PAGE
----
Indian Hill Orchestra shines in Lincoln’s Legacy

I grew up the daughter of a professional musician. My dad played principal oboe in the Hudson Valley Philharmonic Orchestra for many years, as well as in chamber groups at the college where he taught Music Theory, Piano and Jazz. I attended many symphonic concerts growing up, reluctant as I was to give up The Adams Family, or an evening with friends. I took piano lessons, initially from him, and then from my favorite teacher of any subject, Robert Guralnik, who was passionate about music and teaching, and who taught me so much about listening to the melody line while simultaneously producing accompanying chords, arpeggios, or a counterpoint line. It was a place I could expand as much as I wanted or needed, and my musical vocabulary blossomed with age, time and exposure to more music.

People thought I was going into music since I played violin in the orchestra, sang in the choruses and accompanied one of them on piano. I knew that I was not, as I was clear that I lacked the discipline necessary to put in the hours needed to really excel the way musicians need to who thrive professionally. However, my love of music was ignited and has never stopped, getting me to concerts of many genres in many cities. We required our own two daughters to be literate in music, one choosing flute and the other piano as her instrument to learn. How fortunate we were to have Indian Hill just minutes from our home- a place for lessons, to perform, and to hear others play.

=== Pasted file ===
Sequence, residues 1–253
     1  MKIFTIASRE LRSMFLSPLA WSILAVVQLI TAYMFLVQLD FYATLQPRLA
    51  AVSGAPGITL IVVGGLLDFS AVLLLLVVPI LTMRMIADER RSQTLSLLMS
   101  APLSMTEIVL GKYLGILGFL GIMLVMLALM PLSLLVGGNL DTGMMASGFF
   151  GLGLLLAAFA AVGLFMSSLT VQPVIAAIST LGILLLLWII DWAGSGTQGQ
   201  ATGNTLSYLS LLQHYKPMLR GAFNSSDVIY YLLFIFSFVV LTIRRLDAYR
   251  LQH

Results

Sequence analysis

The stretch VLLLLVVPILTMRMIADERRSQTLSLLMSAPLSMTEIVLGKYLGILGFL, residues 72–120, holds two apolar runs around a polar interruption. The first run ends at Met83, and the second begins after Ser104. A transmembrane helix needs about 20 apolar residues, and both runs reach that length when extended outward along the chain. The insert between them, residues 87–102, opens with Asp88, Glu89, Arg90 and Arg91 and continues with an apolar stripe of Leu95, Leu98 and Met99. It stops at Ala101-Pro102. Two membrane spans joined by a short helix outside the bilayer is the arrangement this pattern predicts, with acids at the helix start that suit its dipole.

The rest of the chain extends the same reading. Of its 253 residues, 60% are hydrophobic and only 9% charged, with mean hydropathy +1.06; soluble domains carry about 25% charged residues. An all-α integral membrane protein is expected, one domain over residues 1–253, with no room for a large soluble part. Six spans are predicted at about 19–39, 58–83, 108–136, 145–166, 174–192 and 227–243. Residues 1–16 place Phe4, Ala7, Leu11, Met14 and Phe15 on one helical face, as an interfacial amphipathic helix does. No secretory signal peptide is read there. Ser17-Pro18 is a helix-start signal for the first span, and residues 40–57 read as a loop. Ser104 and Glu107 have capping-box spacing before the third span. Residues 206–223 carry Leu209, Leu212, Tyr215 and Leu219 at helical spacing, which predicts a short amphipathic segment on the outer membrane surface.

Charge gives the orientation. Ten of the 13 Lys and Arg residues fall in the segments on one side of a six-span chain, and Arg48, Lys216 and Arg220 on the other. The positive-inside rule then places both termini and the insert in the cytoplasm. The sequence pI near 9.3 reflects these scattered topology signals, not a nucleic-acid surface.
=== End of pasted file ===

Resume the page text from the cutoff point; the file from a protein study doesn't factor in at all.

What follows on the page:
This afternoon we had the great pleasure of listening to the Indian Hill Orchestra deliver a powerhouse of a concert which started with William Grant Still’s Poem for Orchestra. This lush orchestral piece with sometimes deliciously off center harmony gripped from the beginning and flowed over the audience in a giant wave of multicolored beauty. It was followed by John Williams’ masterful suite from the movie Lincoln and then Kristin Renee Young joined the stage to sing Pamina’s Aria from Mozart’s The Magic Flute and then after intermission the tender Previn’s Take My Mother Home, from Honey and Rue. She followed this with a virtuoso performance of four spirituals and the performance ended with Deval Patrick narrating Copland’s Lincoln Portrait. Taken as a whole, this was a most satisfying and filling afternoon. Truly I felt a kinship with everyone in that hall, as we had all taken in the language of hope, of toil, of respect and journey and love of humankind. It felt as though the concert ended in a sunrise, with thoughts of what is to come, and what we deserve and choose to be for one another.

I am grateful to have this professional and dedicated resource right here, literally in our backyard. There is no replacement for the grandness of music produced artfully and passionately by a symphony orchestra. The endless combinations of string, brass, woodwind and percussion, with solos from many of the wind and brass instruments created a palate so broad, yet responsive to the thin band held by Master conductor Bruce Hangen.
The attentiveness of the orchestra itself was matched by that of the audience as we sat spellbound by the intent and intensity of the messages being delivered as to leave us breathless and on our feet.

I will find out how I can listen to this music again, but a recording cannot match the electricity of a live performance where there is interaction between performers and listeners. I am just happy to have been among them.

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About Meg

Meg is a licensed independent clinical social worker with over thirty-five years clinical experience. She holds a Master’s Degree from the Boston University School of Social Work and a Bachelor of Arts from the State University of New York at Binghamton.